In Spider Love, Jeremy Goldstein becomes his father, Mick, having to accept the process of ageing, confronting his confused sexuality and unfulfilled ambition. “It’s not a part that I would have ever thought to put myself up for, and it wasn’t my idea to do it. It was the director, Jen Heyes, who offered me the part. At first, I was extremely reluctant, but since I’ve decided to take it on, I’ve realised what a gift it is, and now I’m enjoying a fascinating process of learning and discovery”.
“I’ve been producing shows for nearly 30 years, but this is the first time I’ve put myself in the role of an artist, writer, and performer. That has been a huge adjustment, because I’m wearing three hats in the rehearsal room; a writer, an actor, and a son portraying a very complex character who just happens to be my father. I’m like my father in some ways, but I’m not him. In these situations, you need a director you can trust, and that’s Jen Heyes. I’ve been lucky to work with a great team, and the whole project has been developed through this beautiful organic process, where I’ve been able to let my imagination run free”.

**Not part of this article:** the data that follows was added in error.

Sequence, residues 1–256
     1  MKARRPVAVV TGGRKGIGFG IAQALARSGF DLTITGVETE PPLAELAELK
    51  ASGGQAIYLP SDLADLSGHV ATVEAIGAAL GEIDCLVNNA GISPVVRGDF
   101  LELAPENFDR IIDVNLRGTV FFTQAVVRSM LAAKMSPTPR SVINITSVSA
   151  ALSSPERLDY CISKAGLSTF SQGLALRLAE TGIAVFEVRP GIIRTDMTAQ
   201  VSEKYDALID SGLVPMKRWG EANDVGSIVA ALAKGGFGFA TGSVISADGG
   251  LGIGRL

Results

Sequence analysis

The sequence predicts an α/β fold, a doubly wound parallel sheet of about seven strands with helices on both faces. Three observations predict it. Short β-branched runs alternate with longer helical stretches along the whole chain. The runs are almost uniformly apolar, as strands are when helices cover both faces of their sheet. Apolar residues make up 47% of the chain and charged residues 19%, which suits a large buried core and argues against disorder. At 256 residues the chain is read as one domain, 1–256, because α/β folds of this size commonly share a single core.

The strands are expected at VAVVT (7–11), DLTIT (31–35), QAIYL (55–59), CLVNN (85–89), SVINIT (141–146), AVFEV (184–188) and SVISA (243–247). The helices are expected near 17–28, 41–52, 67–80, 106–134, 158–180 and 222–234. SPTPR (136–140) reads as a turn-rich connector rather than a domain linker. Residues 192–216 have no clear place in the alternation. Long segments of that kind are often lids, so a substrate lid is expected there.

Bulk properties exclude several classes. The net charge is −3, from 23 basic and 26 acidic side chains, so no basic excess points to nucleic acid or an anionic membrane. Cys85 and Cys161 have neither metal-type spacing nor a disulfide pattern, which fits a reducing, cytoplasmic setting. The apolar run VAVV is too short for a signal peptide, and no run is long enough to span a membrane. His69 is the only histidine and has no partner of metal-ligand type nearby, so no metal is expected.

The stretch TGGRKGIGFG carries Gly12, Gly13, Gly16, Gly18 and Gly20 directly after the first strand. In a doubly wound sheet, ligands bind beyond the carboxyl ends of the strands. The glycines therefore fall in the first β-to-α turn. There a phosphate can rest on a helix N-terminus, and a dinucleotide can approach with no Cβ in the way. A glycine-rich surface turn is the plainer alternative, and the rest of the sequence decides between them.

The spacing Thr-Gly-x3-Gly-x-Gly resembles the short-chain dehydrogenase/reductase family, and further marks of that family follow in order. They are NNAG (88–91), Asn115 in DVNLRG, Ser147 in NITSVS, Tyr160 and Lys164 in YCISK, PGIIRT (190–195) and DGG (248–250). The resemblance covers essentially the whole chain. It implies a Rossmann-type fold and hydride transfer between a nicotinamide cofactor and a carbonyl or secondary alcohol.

When working on adapting his father’s play, Jeremy collaborated with Henry Woolf, who writes the verse in Spider Love. “Henry is a living legend and my father’s oldest friend. During the Blitz, they were evacuated from East London and sent to live in Upwell near Lincoln. After the war, they returned to London and met Harold Pinter in 1947. Ten years later, Henry staged the original production of Harold’s first play, The Room. He has acted alongside Sir Laurence Olivier and Glenda Jackson, so to have his commitment and depth of experience on the project has been amazing. The verse he has written for Spider Love is the most beautiful poetry. On the strength of our work together, we ended up creating a part for Henry in the play. He appears as he is now at 89, but as a time traveller, leading Mick and Harold to the gates of that other place. We joke, it’s the part he was born to play”.
“I had a very difficult relationship with my father, so this whole project has been has been one of truth and reconciliation, during which I have been able to repair the damage caused, to the extent that in Truth to Power Café, Mick has finally become my hero. On a personal level, the project has has taken me on a journey from self-loathing to self-love. I’m turning 50 in November and I’m starting to realise that maybe I’m not such a bad person after all”.
A Spider Love work in progress will be presented at Arts Centre Ormskirk on 14th November in conjunction with Truth to Power Café, which will be performed on the 15th November. It will also be staged be at the Unity Theatre, Liverpool on 16th November.
You can catch Jeremy’s hugely inspirational Truth to Power Café on tour in the following locations:-
Touchstones, Rochdale – 12th October 2019
Conway Hall, London– 20th October 2019
Norwich Arts Centre – 23rd January 2020
Cast, Doncaster – 6th February 2020